Carolyn J. Sharp

Carolyn J. Sharp is an Episcopal priest and professor of Hebrew Scriptures at Yale Divinity School. Her research explores aspects of the composition and theology of Hebrew Scripture texts. Her first book, Prophecy and Ideology in Jeremiah (2003), treats literary-critical issues in Jeremiah as revelatory of a post-exilic power struggle over the prophet’s legacy. Irony and Meaning in the Hebrew Bible (2009) explores literary and hermeneutical issues regarding irony in biblical texts, and Old Testament Prophets for Today (2009) offers theological reflections on the prophets in terms accessible to readers with little or no biblical training. Her Wrestling the Word: The Hebrew Scriptures and the Christian Believer (2010) addresses historical, literary, and ideological-critical issues in Hebrew Scripture studies for the seminary classroom. Also, her current projects include a commentary on Joshua (Smyth & Helwys) and a commentary on Jeremiah 26-52 (Kohlhammer). Sharp regularly leads parish study groups on biblical theology.

Posts By This Author

Pope Francis: Holy Humility In Community

by Carolyn J. Sharp 10-21-2013
Philip Chidell / Shutterstock.com

Philip Chidell / Shutterstock.com

Reversals of power play through many stories and poems of Scripture. The sacred texts foundational to Jewish and Christian identity are insistent in their efforts to reconfigure our understanding of what counts as valuable and holy. Daring leaders in every age have responded with their own bold visions regarding what makes for faithful community — something we can see in the unusually humble ministry of the new Bishop of Rome. Pope Francis clearly knows his Scripture!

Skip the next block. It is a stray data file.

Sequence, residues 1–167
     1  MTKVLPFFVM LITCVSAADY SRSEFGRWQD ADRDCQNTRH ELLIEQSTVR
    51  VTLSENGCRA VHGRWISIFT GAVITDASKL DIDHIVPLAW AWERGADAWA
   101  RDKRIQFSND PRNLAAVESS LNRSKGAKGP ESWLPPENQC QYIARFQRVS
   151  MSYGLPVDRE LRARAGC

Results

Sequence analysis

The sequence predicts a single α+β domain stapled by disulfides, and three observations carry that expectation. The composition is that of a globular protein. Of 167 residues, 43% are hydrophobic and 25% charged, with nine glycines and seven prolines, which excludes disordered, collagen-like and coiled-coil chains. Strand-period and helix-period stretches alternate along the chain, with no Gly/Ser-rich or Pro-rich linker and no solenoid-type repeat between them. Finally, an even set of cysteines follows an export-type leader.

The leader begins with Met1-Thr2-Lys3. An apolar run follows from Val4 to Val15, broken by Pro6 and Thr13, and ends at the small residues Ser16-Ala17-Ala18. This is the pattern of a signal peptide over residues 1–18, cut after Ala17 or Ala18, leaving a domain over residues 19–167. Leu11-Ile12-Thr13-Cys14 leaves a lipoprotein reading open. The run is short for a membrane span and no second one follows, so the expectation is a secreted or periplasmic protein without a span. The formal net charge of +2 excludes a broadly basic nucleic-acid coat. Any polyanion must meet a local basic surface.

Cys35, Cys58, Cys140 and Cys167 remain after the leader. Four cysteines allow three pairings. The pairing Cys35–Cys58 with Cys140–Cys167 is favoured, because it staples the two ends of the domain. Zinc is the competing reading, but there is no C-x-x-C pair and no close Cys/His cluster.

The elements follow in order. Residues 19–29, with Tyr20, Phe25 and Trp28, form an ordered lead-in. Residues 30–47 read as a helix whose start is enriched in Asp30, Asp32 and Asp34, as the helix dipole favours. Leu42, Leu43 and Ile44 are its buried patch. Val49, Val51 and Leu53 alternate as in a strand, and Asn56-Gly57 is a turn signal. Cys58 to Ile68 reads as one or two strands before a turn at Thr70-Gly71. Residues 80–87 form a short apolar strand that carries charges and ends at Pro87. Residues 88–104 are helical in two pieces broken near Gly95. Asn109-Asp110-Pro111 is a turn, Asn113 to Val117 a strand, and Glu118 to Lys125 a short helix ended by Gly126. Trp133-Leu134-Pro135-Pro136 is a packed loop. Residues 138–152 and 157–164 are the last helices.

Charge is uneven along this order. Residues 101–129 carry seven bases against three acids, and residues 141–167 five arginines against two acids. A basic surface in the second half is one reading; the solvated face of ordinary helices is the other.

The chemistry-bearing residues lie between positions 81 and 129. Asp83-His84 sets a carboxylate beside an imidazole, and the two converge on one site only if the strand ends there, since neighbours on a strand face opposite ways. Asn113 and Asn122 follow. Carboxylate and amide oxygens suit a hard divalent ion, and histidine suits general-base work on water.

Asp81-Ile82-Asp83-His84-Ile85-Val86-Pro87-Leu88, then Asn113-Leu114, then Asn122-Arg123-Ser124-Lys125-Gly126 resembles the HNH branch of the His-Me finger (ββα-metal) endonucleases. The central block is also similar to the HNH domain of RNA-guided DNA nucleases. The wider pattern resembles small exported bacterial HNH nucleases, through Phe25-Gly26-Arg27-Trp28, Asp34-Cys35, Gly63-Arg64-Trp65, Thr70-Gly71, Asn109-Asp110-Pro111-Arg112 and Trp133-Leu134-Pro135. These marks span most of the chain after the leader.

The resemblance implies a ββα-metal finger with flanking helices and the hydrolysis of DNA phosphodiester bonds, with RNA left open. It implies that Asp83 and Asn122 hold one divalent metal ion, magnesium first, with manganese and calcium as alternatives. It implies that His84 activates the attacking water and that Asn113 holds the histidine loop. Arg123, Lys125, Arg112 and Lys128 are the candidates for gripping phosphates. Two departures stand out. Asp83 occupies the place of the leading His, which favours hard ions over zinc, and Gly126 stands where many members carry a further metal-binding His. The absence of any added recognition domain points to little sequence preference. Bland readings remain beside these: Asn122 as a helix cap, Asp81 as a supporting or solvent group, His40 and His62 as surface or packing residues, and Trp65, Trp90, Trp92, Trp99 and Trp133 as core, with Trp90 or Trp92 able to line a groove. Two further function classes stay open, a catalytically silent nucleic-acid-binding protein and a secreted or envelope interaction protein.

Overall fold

Featured prominently in Old Testament stories are flawed ancestors, unexpected heroes, surprising protagonists whose vital roles in the purposes of God reframe the community’s perspective on faith lived out in the paradoxes of history. The trickster who overcomes stronger antagonists (Jacob), the leader whose capacity for greatness develops from a compromised start (Moses), marginalized women whose very vulnerability becomes the source of their power (Tamar, Rahab, Ruth), the prophet whose witness is initially scorned but whose authority endures for generations (the Suffering Servant in Isaiah): such figures delight the reader seeking to understand how community should be deconstructed and rebuilt according to the purposes of God. In the New Testament, and particularly in Luke, we see sustained attention to those on the margins of social power: women, the poor, those with catastrophic illness. Christ himself surrenders his status and power (John 13:1-15; Philippians 2:5-11) in order to serve others in love. His abjection invites them, and us, into a new understanding of community.

Subscribe